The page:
Honoree: Phil Andrews An Advocate For Business And Community


BHM-CUBEPhil Andrews knows how to run a business.

The PR professional owns his own firm, P. A. Public Relations Company, and he started his own franchise of barbershops known as the Haircut Hut that operated for 10 years. Today, he relies on that experience to serve Long Island’s minority-owned business community as president of the Long Island African American Chamber of Commerce, which serves Nassau, Suffolk, Queens and Kings Counties. It’s one of several community positions that allow him to aid the African American community.

“I was a small business owner, so I know kind of what they need,” he said. “A lot of times, chamber of commerce presidents never really opened up a business or may not have a business. Being that I come from the background of business, that gave me some more insight into some of the things that they needed help with.”

10 Phil Andrews

The chamber of commerce helps minority business with certification and ensures that they are well-represented in the small business community. Andrews says that the chamber is currently looking forward to providing even more resources to African Americans in the business community.

“One of the things that we’re trying to do is, for one, get more businesses certified and also create a business directory in the African American community because so many businesses have closed down,” he said. “So, you have to develop like a community around business, a network, building a social fabric.”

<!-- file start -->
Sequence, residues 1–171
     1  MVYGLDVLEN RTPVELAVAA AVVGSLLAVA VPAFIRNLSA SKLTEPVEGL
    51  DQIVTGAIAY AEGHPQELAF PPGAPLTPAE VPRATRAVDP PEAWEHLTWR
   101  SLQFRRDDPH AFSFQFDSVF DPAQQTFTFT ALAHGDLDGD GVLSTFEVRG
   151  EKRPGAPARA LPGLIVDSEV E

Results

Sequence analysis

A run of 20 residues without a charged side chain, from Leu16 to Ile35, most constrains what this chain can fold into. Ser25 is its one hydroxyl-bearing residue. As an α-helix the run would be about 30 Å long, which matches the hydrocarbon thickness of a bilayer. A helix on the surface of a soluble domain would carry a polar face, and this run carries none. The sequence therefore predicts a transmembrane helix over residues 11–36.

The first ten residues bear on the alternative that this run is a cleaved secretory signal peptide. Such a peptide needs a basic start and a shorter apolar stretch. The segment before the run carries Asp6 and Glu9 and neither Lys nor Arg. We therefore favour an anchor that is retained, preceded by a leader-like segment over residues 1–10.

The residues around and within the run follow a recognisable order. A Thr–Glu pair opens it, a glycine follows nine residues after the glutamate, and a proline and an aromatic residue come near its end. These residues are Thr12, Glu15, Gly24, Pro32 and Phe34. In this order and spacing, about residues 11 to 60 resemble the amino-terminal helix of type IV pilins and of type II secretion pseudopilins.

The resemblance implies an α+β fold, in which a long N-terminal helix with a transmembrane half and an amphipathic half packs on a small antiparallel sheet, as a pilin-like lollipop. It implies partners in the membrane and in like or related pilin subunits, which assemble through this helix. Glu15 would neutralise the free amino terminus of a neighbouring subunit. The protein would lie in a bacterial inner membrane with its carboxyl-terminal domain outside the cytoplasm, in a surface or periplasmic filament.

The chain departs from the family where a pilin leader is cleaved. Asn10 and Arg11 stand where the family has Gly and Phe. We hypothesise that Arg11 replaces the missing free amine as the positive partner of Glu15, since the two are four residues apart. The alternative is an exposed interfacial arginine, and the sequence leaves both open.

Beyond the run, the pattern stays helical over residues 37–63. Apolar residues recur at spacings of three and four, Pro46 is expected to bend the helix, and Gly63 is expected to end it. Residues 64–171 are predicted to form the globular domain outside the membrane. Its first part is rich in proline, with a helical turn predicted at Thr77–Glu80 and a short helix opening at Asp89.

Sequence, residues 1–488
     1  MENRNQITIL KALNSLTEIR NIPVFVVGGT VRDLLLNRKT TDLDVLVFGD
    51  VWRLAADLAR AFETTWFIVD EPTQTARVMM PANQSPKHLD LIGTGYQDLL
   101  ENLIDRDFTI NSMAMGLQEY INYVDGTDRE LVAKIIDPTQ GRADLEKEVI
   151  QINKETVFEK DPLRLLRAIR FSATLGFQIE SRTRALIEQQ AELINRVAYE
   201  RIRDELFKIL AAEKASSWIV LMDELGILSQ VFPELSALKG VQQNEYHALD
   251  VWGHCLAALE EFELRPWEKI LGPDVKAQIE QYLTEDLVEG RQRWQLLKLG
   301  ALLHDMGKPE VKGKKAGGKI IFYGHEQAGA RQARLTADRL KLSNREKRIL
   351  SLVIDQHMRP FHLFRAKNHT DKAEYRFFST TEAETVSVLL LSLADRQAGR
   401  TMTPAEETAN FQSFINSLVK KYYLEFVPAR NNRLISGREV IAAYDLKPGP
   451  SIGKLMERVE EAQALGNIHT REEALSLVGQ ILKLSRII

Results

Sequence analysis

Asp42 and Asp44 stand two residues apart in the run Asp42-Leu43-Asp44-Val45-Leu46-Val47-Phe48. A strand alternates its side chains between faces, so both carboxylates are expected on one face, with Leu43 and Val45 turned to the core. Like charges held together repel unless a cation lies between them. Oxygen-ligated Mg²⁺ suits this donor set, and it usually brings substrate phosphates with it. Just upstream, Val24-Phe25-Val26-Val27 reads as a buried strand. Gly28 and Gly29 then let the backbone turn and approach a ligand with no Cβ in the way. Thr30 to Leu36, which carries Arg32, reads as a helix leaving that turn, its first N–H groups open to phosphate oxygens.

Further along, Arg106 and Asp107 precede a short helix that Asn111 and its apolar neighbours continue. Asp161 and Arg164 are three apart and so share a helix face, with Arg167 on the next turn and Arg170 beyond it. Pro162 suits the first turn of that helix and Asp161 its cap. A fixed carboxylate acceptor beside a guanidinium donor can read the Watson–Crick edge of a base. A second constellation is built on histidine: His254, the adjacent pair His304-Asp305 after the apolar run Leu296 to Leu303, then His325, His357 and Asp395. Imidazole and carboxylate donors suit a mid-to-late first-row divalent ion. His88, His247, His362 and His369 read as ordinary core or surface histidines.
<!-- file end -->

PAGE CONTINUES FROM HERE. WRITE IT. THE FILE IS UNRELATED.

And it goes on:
But Andrews’ work doesn’t stop with the chamber. He is also the president of the Black Public Relations Society-New York. In this position, Andrews works to get more minorities involved in the PR industry in order to make the professional world more diverse. The job focuses on linking minorities to internships and connections, so that they can propel their career.

“We’re trying to get some PR professionals in the higher echelons in the PR industry, so they can be a role model,” he said.

Andrews’ work also extends to charity and mentorship. Between 2009 and 2013, he was the president of The 100 Black Men of Long Island, a non-profit in which he served as a mentor for young people by organizing trips, helping them develop their financial literacy and organizing an academic history bowl. He is still a certified mentor and works to encourage young men to apply themselves and be the best that they can.

He is also on the board of the Interfaith Nutrition Network (The INN)—a Long Island-based soup kitchen that serves the hungry and the homeless. He is the only African American member of the board. Andrews discovered the INN as a young man under the mentorship of a personal role model named Silas Jenkins, who was one of the Tuskegee Airmen, a group of famed African American pilots during World War II. He remembers Jenkins taking him to the INN and telling him about the need for mentorship programs.

“He used to always talk to me about education and being involved in the community,” Andrews said.

Andrews said that he has other role models who have shaped his life, especially his aunt Frances Virginia Young, an acting church pastor. With her, a young Andrews would help pick up the children in her neighborhood for church on Sundays. Andrews describes her as a woman of integrity who was an involved and respected member of her community.

“It’s kind of embedded in me to give back to the community and help,” Andrews said. “That’s where I got some of my early leadership principles from.”

Reach James Farrell at (718) 357-7400 x 127, jfarrell@queenstribune.com or @farrellj329.

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